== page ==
Jihadists rebels also claim to be spearheading an offensive in the province of Hama, where they say they have overrun a government air defense base and ammunition depot.

You May Like

Republican Majority in Congress Off to Rough Start

Standoff over Homeland Security funding exposes philosophical, tactical problems within party More

Pakistan Blocks Baloch Activist from US Trip

Human Rights Commission of Pakistan slams Islamabad officials for stopping people from leaving country to attend human rights conference More

Video Muslims Long Thrived in North Carolina Before Students Killed

Idyll shattered February 10, when three Muslim university students living in Chapel Hill were gunned down by a neighbor More

ILO: Women Still Losing Out in Global Work Place

International Labor Organization says women are marginally better off now than they were 20 years ago More

Featured Videos

Your JavaScript is turned off or you have an old version of Adobe's Flash Player. Get the latest Flash player.
Muslims Long Thrived in N Carolina Before Slaying of 3 Studentsi
X
Jerome Socolovsky
March 05, 2015 9:04 PM
The killings of three Muslim students in North Carolina early last month came as Muslims across the United States have felt under siege, partly as a result of terrorist attacks being committed internationally in the name of their faith. But Muslims have long thrived in university cities in this part of the American South. VOA's Jerome Socolovsky reports.
Video

Video Muslims Long Thrived in N Carolina Before Slaying of 3 Students

The killings of three Muslim students in North Carolina early last month came as Muslims across the United States have felt under siege, partly as a result of terrorist attacks being committed internationally in the name of their faith. But Muslims have long thrived in university cities in this part of the American South. VOA's Jerome Socolovsky reports.
Video

Video Fuel Shortages in Nigeria Threaten Election Campaigns

Nigeria is suffering a gas shortage as the falling oil price has affected the country’s ability to import and distribute refined fuels. Coming just weeks before scheduled March 28 elections, the shortage could have a big impact on the campaign, as Henry Ridgwell reports for VOA.
Video

Video Report: Human Rights in Annexed Crimea Deteriorating

A new report by Freedom House and the Atlantic Council of the United States says the human rights situation in Crimea has deteriorated since the peninsula was annexed by Russia in March of last year. The report says the new authorities in Crimea are discriminating against minorities, suppressing freedom of expression, and forcing residents to assume Russian citizenship or leave. Zlatica Hoke has more.
Video

Video 50 Years Later African-Americans See New Voting Rights Battles Ahead

Thousands of people will gather to mark the 50th anniversary of a historic civil rights march on March 7th in Selma, Alabama. In 1965, dozens of people were seriously injured during the event known as “Bloody Sunday,” after police attacked African-American demonstrators demanding voting rights. VOA’s Chris Simkins introduces us to some civil rights pioneers who are still fighting for voting rights in Alabama more than 50 years later.
Video

Video Craft Brewers Taking Hold in US Beer Market

Since the 1950’s, the U.S. beer industry has been dominated by a handful of huge breweries. But in recent years, the rapid rise of small craft breweries has changed the American market and, arguably, the way people drink beer. VOA’s Jeff Custer reports.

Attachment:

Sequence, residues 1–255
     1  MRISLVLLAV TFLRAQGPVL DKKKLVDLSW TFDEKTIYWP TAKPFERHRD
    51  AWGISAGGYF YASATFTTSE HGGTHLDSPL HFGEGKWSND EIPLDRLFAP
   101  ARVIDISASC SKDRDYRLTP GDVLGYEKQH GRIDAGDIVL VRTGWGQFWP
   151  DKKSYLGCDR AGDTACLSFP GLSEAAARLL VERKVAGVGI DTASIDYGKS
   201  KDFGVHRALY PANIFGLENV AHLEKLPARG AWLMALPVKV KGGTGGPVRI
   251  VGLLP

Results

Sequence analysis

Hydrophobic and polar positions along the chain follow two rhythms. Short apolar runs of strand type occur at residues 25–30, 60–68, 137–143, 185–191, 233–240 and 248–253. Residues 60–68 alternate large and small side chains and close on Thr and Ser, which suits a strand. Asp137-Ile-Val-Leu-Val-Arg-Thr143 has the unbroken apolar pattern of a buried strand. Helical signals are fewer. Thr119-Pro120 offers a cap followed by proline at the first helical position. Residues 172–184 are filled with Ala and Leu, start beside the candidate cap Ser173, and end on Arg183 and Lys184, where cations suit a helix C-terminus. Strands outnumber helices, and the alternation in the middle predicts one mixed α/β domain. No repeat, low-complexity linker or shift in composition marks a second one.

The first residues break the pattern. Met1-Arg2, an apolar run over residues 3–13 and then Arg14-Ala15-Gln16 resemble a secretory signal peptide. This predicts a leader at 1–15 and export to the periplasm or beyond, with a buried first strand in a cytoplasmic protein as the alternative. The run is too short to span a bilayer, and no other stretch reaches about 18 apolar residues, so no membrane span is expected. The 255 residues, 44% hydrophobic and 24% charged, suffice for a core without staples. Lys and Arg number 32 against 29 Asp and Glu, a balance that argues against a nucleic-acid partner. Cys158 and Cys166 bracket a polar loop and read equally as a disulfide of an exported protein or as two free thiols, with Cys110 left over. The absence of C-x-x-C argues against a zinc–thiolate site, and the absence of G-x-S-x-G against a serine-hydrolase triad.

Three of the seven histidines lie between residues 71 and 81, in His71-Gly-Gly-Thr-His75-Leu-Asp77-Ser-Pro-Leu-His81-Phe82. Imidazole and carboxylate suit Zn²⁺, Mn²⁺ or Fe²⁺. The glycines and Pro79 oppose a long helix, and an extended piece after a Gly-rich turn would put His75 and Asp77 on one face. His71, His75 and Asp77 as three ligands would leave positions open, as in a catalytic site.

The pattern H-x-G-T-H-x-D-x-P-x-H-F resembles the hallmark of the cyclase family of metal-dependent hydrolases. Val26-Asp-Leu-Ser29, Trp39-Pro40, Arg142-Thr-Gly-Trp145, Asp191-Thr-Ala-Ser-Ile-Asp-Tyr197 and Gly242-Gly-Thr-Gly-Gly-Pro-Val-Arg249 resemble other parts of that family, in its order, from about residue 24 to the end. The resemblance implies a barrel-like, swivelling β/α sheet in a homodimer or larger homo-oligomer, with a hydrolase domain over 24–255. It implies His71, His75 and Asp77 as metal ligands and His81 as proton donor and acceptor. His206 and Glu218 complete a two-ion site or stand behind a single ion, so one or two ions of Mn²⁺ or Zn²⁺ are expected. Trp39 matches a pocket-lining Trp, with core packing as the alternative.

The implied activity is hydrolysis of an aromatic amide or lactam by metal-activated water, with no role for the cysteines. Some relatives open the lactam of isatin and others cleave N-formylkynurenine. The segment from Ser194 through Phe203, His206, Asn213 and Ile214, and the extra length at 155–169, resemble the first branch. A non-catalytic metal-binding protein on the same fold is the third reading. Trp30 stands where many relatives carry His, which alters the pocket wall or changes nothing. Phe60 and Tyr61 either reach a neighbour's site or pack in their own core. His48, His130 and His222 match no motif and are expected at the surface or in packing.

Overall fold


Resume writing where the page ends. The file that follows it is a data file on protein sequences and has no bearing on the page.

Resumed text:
Video

Video Video Claims to Show Shia Forces in Iraq Executing Sunni Boy

A graphic mobile phone video is spreading on the Internet, claiming to show Iraqi forces or Shia militia executing a handcuffed Sunni boy. Experts have yet to verify the video, but already Islamic State followers are publicizing it across social media, playing on deep-rooted sectarian fears. VOA’s Jeff Seldin reports.
Video

Video Ukrainian Authorities Struggle to Secure a Divided Mariupol

Since last month's cease-fire went into effect, shelling around the port city of Mariupol has decreased, but it is thought pro-Russian separatists remain poised to attack. For the city’s authorities, a major challenge is gaining the trust of residents, while at the same time rooting out informants who are passing sensitive information to the rebels. Patrick Wells reports for VOA.
Video

Video Volunteer Gauge-Watchers Help Fine-Tune Weather Science

An observation system called CoCoRaHS is working to improve weather science, thanks to thousands of volunteers across the country who measure precipitation in their own backyards, then share their data through the Internet. VOA's Shelley Schlender reports.
Video

Video NASA Spacecraft Approaches a Dwarf Planet

NASA’s Dawn spacecraft will make history on Friday, March 6, when it becomes the first man-made object to orbit a dwarf planet named Ceres. It is located in the asteroid belt between Mars and Jupiter, almost 500 million kilometers from Earth. Among other objectives, Dawn will try to examine two mysterious bright white spots detected on the planet’s surface. VOA’s George Putic has more.
Video

Video Young Muslims Radicalized Online

Young Muslims are being radicalized ‘in their bedrooms’ through direct contact with Islamic State or ISIL fighters via the Internet, according to terror experts. There are growing concerns that authorities and Internet providers are not doing enough to counter online extremism - which analysts say is spread by a prolific network of online supporters around the world. Henry Ridgwell reports from London.
Video

Video Positive Messaging Transforms Ethiopia's Image

Ethiopia was once known for famine and droughts. Now, headlines more often point to its fast-growing economy and its emergence as a regional peacemaker. How has Addis Ababa changed the narrative? VOA's Marthe van der Wolf reports.
Video

Video Answers Elude Families of MH370 Passengers

For the families on board Malaysia Airlines flight MH370, an airline official’s statement nearly one year ago that the plane had lost contact with air traffic control at 2:40 AM is the only thing that remains confirmed. William Ide reports.

All About America

Circumventing Censorship

An Internet Primer for Healthy Web Habits

As surveillance and censoring technologies advance, so, too, do new tools for your computer or mobile device that help protect your privacy and break through Internet censorship.
More